Offbeat New York

New York City Fun for Kids

Kids of all ages love New York City-it's a place full of the world's greatest toy stores, ballerinas, space shows, tigers, dinosaurs, parks, ships, speedboat rides, circuses, great stuff to eat, hands-on museums, behind-the-scenes tours and so much more that they might mistake this world-class city for a giant theme park. Here are some best bets in the Big Apple, great for toddlers, teens, and the little ones in between.

Not Your Everyday Museums
New York City's many cultural treasures include the American Museum of Natural History (79th St. at Central Park West, 212/769-5100) whose rearing dinosaurs, wild-animal dioramas, 94-foot whale, and cool shows at the Rose Center for Earth and Space will keep them busy all day long. And now, there's another reason to visit... ice skating. Come enjoy the American Museum of Natural History's new state-of-the-art skating rink made from a recyclable synthetic surface. Open seasonally so check before you go. It's Located on the Arthur Ross Terrace on the Museum's north side, The Polar Rink offers magnificent views of the glowing Rose Center for Earth and Space and is surrounded by Theodore Roosevelt Park. Skaters will glide around a 17-foot-tall polar bear festooned with pine boughs and twinkling lights.

In Queens the New York Hall of Science (47-01 111th St., 718/699-0005) features 400 interactive exhibits and an outdoor science playground.

For a multimedia experience, consider the The Paley Center for Media (formerly the Museum of Television & Radio ( 25 W. 52nd St., 212/621-6800), the Museum of the Moving Image (35 Ave. at 36 St., Queens 718/784-0077), and the Museum of Comic & Cartoon Art (594 Broadway, 212/245-0072).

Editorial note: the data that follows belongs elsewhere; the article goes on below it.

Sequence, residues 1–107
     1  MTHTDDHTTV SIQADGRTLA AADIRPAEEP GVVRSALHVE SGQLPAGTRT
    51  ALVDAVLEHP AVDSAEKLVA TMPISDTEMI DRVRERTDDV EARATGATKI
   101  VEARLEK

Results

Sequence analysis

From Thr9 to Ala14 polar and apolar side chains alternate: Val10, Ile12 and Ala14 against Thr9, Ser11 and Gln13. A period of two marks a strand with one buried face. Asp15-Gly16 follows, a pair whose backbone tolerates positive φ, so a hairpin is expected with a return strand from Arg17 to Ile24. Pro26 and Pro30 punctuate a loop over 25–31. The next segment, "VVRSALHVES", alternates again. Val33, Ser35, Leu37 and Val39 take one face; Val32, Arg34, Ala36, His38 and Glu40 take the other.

At Madame Tussaud's (234 W. 42nd St., 800/246-8872) in Times Square, visitors can get up close and personal with more than 175 amazingly lifelike wax figures of top celebrities and world leaders.

All aboard the Intrepid Sea-Air-Space Museum (12th Ave. at 46th St., 212/245-0072), a converted World War II aircraft carrier that features multiple displays on two of its decks. One favorite kids' feature, "The Navy Flight Simulator," lets them virtually land a fighter jet in the middle of the ocean. There's also a submarine to tour and a Concorde to see. Note: The Intrepid has reopened

Around town there are so many places to learn the ways of the world. Experience ancient civilization at the Brooklyn Museum (200 Eastern Pkwy., 718/638-5000), home to a rich collection of Egyptian antiquities; or explore Eastern traditions at the Asia Society and Museum (725 Park Ave., 212/517-ASIA).

At the Ellis Island Immigration Museum (212/363-3206) retrace the steps of the 12 million people who came to America in the early 20th century, and no visit to New York is complete without either a visit to the Statue of Liberty, or a wave as you take the ferry either to Staten Island, or to Ellis Island. Learn more about the immigrant experience at the Lower East Side Tenement Museum (90 Orchard St., 212/431-0023), where great guides bring the building's former tenants to life. Study American history at the Fraunces Tavern Museum (54 Pearl St., 212/425-1778), which is in a restored tavern where George Washington bade farewell to his troops.